What makes it semi-vomit-worthy is the fact that with each spoonful of peanut butter, I would lick the spoon to make sure I got the peanut butter remnants, and then stick the spoon back in the jar! And do it multiple times! Inserting a salivafied spoon into a jar that other people will have to eat out of is not my proudest childhood moment.

I was just thinking about that. I feel like I should apologize to my family because it is quite gross.


“You must stay drunk on writing so reality cannot destroy you.”
-Ray Bradbury

For those of you who have been stopping by to see the new blog posts (and been disappointed) I do apologize. I am here now and I’ll give a small update.

Two of my stories have been rejected, so I need to find markets to send those out to again. They came within a week of each other, and one was actually the story I said was taking longer than the average time Duotrope had on their listings page. Turns out that long wait wasn’t good news for me. 😦

The other story that was rejected might need to be rewritten, I’m not sure. I may show it to a few fellow editors and get their opinion on the piece. This particular piece is my first flash fiction story, so I’m unsure on whether I developed enough in the short span of time and made everything clear and concise. It’s a few drafts from the original (thanks to my critique group) so it came a long way, but a fresher pair of eyes could be helpful.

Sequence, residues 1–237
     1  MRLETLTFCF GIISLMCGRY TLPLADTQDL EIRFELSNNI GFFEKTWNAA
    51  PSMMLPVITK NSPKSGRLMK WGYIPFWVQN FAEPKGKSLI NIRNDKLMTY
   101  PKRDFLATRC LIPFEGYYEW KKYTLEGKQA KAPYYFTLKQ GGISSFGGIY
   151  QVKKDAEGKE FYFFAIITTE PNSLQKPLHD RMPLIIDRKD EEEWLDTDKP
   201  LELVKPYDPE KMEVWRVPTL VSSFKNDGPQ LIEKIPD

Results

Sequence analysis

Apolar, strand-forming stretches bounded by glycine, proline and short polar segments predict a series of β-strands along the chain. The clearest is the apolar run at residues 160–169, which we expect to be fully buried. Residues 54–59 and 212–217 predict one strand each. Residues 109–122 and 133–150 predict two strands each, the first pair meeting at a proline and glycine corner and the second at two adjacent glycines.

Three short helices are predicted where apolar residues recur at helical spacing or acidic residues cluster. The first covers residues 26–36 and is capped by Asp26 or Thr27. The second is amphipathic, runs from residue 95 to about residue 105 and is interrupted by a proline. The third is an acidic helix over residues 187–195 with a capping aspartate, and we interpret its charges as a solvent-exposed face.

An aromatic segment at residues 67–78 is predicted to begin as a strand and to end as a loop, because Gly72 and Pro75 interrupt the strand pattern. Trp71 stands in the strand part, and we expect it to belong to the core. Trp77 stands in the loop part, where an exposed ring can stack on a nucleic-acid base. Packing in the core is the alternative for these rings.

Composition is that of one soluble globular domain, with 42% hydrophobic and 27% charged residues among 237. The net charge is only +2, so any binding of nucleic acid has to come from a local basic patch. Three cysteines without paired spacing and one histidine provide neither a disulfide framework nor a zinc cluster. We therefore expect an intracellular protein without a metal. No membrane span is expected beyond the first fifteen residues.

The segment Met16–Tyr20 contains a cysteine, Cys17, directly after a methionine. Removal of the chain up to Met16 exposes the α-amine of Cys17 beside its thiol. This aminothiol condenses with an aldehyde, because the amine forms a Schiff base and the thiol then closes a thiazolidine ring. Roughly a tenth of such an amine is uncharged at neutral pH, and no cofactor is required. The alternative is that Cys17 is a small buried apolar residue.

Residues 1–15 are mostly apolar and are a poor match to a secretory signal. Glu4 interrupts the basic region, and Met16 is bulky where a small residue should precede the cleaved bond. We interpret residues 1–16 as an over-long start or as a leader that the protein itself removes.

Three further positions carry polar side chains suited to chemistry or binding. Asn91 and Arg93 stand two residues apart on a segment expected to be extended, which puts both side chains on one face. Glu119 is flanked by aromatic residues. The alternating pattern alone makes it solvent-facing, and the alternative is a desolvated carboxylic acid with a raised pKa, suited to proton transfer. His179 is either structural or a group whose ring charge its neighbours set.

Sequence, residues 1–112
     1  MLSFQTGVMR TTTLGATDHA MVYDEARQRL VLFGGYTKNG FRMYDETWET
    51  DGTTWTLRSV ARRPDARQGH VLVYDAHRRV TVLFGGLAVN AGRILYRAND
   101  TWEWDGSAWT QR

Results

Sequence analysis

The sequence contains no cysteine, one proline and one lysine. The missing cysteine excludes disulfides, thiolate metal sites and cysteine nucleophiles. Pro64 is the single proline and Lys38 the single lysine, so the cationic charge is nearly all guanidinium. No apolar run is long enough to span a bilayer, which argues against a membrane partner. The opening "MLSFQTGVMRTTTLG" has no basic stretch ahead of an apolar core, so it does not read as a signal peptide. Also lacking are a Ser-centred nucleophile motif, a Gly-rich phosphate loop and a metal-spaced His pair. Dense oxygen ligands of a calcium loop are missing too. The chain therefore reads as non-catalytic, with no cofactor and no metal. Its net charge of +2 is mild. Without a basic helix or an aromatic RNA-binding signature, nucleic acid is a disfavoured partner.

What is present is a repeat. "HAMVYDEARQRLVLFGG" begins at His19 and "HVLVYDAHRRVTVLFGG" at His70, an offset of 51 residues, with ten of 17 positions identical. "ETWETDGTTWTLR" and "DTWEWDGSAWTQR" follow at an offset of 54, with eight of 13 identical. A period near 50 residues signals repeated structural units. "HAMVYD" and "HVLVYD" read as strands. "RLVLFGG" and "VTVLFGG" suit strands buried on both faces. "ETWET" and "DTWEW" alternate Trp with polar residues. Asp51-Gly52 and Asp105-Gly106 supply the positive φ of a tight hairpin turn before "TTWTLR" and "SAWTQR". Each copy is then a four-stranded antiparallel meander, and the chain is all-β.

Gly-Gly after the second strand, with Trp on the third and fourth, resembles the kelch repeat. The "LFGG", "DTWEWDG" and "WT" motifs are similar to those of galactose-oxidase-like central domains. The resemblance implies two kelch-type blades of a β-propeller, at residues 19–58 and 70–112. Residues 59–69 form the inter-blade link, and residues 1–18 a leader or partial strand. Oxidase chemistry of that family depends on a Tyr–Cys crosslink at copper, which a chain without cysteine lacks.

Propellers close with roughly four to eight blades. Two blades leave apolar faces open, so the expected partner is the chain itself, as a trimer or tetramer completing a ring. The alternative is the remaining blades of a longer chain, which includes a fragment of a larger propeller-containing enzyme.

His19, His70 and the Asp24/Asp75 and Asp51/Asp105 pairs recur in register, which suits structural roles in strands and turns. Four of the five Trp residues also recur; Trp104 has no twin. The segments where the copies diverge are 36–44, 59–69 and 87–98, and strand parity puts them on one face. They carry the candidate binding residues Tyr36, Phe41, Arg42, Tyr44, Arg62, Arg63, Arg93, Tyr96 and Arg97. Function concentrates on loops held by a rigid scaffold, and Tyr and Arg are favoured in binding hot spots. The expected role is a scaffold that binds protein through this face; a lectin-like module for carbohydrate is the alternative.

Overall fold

My remaining two stories are still out there being considered.

I haven’t written anything new since I worked on my story at Part 1 of my vacation earlier this month. I do have the next three stories I want to have done though — two are science fiction and one is contemporary. One of the science fiction stories I want to have complete soon so I can submit it to the current Writers of the Future quarter.

Ending this, my first published story, A Day Like No Other, will be up on Daily Science Fiction‘s website on December 1st! But you can get it e-mailed to you on November 24th if you sign up for their e-mail list.

The countdown begins!